U.S. Threatens to Take Complaint against Telmex to World Trade Organization

SourceMex Economic News & Analysis on Mexico, April 12, 2000 | Go to article overview

U.S. Threatens to Take Complaint against Telmex to World Trade Organization


The dispute between Mexico and the US regarding access to the telecommunications market has escalated further. In early April, the US Trade Representative's Office (USTR) accused the Mexican government of failing to take sufficient steps to curb the monopoly powers of Telefonos de Mexico (TELMEX), which has created unfair conditions for the Mexican subsidiaries of AT&T and MCI Worldcom.

The USTR complaint against Mexico, the latest episode in the ongoing conflict about TELMEX's status, was included in its annual review of major trading partners and their compliance with the Word Trade Organization's (WTO) agreements on telecommunications. The report also found unfair practices in South Africa and Japan.

"In Mexico, it appears that progress toward a level playing field for telecommunications carriers now is stalled," said US Trade Representative Charlene Barshefsky.

In the last several years, the US and Mexico have been embroiled in heated disputes about the near-monopoly status of TELMEX, which was privatized in the early 1990s (see SourceMex, 1990-11-21). Competitors Alestra and Avantel have frequently accused TELMEX of erecting barriers to fair competition, such as charging interconnection fees two to three times higher than international norms (see SourceMex, 1996-04-17, 1997-11-05, 1998-03-04, 1998-11-11). Alestra is a partnership among AT&T, Grupo Bancomer, and Grupo Alfa, while Avantel is a joint venture formed by MCI WorldCom and Grupo Banamex-Accival.

AT&T and MCI have also been instrumental in delaying TELMEX's entry into the US market. For several months, the two companies successfully argued that TELMEX should not receive an operating permit until it eliminated barriers to competitors in Mexico. But after a lengthy investigation, the US Federal Communications Commission (FCC) in 1998 awarded TELMEX a permit to provide services in the US (see SourceMex, 1998-08-12).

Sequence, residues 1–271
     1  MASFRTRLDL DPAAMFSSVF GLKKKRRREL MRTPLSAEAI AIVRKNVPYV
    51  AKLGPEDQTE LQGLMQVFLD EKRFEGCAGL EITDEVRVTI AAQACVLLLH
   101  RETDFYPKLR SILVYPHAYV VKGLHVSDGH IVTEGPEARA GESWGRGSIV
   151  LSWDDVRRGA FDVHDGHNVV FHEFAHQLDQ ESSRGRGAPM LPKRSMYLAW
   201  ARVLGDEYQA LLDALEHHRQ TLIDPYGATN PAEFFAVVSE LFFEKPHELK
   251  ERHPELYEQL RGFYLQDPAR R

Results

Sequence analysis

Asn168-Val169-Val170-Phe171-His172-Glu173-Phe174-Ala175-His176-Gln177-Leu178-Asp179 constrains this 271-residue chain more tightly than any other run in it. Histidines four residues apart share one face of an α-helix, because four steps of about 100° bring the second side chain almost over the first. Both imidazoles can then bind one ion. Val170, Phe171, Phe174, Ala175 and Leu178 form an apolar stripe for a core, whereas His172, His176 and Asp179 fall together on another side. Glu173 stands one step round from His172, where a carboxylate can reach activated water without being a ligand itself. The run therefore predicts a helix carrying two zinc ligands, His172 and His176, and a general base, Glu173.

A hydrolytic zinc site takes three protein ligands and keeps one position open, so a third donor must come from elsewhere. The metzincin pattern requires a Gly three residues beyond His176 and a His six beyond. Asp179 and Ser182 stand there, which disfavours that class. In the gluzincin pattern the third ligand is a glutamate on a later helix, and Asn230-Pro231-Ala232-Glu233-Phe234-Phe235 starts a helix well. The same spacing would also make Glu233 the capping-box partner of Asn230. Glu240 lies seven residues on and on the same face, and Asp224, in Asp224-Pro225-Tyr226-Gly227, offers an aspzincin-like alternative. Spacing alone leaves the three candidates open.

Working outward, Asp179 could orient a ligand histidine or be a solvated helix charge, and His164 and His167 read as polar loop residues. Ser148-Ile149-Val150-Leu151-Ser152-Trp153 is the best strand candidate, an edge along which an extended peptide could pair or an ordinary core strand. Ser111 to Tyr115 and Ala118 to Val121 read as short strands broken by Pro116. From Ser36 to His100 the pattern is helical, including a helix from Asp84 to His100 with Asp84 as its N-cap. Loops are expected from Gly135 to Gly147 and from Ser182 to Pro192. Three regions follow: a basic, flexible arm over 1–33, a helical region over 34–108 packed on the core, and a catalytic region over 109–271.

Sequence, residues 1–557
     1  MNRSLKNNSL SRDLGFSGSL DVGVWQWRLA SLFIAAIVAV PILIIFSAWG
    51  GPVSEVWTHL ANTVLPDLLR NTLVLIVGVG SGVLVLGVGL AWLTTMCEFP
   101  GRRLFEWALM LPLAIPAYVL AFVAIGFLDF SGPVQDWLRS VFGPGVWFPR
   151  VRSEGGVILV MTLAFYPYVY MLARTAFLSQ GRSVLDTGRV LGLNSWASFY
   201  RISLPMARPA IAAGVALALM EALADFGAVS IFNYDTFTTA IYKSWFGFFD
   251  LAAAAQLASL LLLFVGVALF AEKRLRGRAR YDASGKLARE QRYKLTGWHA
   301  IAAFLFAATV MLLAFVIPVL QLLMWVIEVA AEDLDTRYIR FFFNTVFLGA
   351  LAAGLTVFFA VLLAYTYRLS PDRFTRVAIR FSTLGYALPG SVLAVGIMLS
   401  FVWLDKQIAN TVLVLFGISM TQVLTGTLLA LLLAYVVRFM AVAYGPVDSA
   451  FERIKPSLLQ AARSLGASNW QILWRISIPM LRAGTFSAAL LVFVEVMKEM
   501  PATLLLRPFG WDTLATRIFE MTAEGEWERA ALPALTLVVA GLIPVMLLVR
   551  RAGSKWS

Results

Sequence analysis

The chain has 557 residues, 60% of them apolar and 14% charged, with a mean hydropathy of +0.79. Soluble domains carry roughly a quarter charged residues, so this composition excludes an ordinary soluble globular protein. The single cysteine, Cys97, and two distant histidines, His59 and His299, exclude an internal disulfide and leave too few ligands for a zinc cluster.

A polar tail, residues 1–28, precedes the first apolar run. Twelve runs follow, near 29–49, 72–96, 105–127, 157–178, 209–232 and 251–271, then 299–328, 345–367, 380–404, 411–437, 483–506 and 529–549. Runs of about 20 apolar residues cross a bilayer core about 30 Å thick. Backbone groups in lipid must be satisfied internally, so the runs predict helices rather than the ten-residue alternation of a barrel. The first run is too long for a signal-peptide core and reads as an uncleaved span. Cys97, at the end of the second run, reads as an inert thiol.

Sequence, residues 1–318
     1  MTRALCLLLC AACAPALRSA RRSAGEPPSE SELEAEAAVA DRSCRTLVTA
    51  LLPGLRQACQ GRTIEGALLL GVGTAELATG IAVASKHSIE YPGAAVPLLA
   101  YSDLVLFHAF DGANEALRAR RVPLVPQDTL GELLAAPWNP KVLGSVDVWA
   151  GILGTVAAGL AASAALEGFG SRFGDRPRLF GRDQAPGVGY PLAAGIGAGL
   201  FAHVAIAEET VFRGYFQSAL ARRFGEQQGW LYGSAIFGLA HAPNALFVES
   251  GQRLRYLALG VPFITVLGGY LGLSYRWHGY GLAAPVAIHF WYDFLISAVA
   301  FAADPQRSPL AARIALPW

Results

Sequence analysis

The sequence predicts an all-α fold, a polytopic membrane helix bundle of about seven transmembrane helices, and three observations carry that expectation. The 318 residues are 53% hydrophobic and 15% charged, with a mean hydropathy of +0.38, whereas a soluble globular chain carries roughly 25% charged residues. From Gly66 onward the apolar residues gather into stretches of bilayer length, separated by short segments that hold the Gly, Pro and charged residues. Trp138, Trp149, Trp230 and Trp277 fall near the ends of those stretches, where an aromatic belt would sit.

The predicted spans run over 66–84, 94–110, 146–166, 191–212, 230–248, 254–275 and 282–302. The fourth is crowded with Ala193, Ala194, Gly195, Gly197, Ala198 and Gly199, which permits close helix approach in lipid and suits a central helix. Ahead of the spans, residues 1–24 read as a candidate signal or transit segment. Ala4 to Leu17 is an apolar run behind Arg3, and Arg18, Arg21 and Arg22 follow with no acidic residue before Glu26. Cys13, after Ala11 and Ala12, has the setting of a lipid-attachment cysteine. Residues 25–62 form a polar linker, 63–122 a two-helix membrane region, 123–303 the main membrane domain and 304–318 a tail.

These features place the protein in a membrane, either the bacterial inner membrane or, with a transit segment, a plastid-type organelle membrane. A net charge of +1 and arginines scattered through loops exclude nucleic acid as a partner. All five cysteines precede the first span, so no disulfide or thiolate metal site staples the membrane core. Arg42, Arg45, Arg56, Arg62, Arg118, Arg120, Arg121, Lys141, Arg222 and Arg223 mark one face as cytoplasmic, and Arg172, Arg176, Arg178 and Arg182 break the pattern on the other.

TELMEX says high interconnection fees are justified

TELMEX, which still controls the majority of Mexico's telecommunications infrastructure, including telephone lines, argues that the company has lost 30% of its share of the long- distance market since 1997, which is evidence that competition is working fairly well.

A recent study published by the daily newspaper El Universal backs TELMEX's argument. The study says 87% of the long-distance users in 150 cities in Mexico now have a choice of long-distance providers. The competition among TELMEX, Avantel, Alestra, and other companies has reduced long- distance charges by as much as 50%, the study said.

Meanwhile, TELMEX continues to defend its high interconnection fees on the grounds that the company needs to recover costs of extending service to remote areas and purchase equipment.

The Secretaria de Comercio y Fomento Industrial (SECOFI) has jumped to TELMEX's defense against the USTR complaint, saying that the company has not violated any WTO telecommunications norms. But Luis de la Calle, SECOFI's deputy secretary for trade communications, said the Mexican government would prefer that the case not be presented to a WTO dispute-resolutions panel. "Before a panel is established, we would like to consult with US authorities," said de la Calle.

TELMEX has presented a more defiant stance. Claudio X. Gonzalez, a member of the company's board of directors, said TELMEX would fight any WTO action with countersuits. "Some of the competitors thought they were going to have it easier," said Gonzalez. "Now they are trying to change certain things."

TELMEX president Carlos Slim Helu criticized the US government for interfering in Mexican affairs. …

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